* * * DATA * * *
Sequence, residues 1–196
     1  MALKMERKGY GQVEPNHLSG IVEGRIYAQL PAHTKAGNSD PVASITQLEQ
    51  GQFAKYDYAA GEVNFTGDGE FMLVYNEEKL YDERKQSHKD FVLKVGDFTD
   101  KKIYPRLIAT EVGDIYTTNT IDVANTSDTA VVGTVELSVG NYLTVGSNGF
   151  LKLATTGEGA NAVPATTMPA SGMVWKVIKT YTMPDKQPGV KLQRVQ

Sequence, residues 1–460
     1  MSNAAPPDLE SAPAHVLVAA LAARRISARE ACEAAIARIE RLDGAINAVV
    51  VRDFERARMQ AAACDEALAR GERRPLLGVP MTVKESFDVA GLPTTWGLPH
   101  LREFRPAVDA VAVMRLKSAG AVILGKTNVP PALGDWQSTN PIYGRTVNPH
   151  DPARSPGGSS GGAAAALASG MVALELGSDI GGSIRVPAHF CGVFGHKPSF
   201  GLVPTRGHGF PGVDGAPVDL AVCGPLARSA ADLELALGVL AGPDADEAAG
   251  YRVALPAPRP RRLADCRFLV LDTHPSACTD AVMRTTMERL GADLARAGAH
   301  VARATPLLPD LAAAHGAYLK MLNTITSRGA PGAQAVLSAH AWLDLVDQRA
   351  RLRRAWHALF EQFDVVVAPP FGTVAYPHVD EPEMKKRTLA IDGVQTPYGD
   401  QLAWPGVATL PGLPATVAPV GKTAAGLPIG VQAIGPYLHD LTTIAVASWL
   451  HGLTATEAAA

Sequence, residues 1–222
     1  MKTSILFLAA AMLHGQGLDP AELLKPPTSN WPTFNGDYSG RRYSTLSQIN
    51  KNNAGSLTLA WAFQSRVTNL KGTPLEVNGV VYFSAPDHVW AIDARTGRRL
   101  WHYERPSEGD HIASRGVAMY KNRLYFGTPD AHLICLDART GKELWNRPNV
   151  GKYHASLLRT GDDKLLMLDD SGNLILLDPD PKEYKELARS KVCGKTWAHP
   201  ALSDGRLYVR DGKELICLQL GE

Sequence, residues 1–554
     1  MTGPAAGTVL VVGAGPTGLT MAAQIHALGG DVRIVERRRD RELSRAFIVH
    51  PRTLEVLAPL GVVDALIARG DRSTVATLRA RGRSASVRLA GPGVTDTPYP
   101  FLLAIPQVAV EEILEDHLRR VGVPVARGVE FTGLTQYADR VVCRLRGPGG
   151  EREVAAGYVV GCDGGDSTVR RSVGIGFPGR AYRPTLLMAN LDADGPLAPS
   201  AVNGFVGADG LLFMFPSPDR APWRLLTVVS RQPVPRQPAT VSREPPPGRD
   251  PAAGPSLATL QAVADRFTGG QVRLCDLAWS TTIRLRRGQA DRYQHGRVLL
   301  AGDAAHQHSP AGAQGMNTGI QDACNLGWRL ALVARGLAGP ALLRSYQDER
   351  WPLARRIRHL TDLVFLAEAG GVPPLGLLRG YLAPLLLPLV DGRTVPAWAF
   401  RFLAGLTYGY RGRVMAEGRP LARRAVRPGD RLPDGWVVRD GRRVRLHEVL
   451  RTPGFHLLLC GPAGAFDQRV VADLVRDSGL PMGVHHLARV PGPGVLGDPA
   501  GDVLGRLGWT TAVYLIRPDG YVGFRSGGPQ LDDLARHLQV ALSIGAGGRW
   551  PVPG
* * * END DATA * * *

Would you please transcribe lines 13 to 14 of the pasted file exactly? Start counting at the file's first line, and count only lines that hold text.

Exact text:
   301  VARATPLLPD LAAAHGAYLK MLNTITSRGA PGAQAVLSAH AWLDLVDQRA
   351  RLRRAWHALF EQFDVVVAPP FGTVAYPHVD EPEMKKRTLA IDGVQTPYGD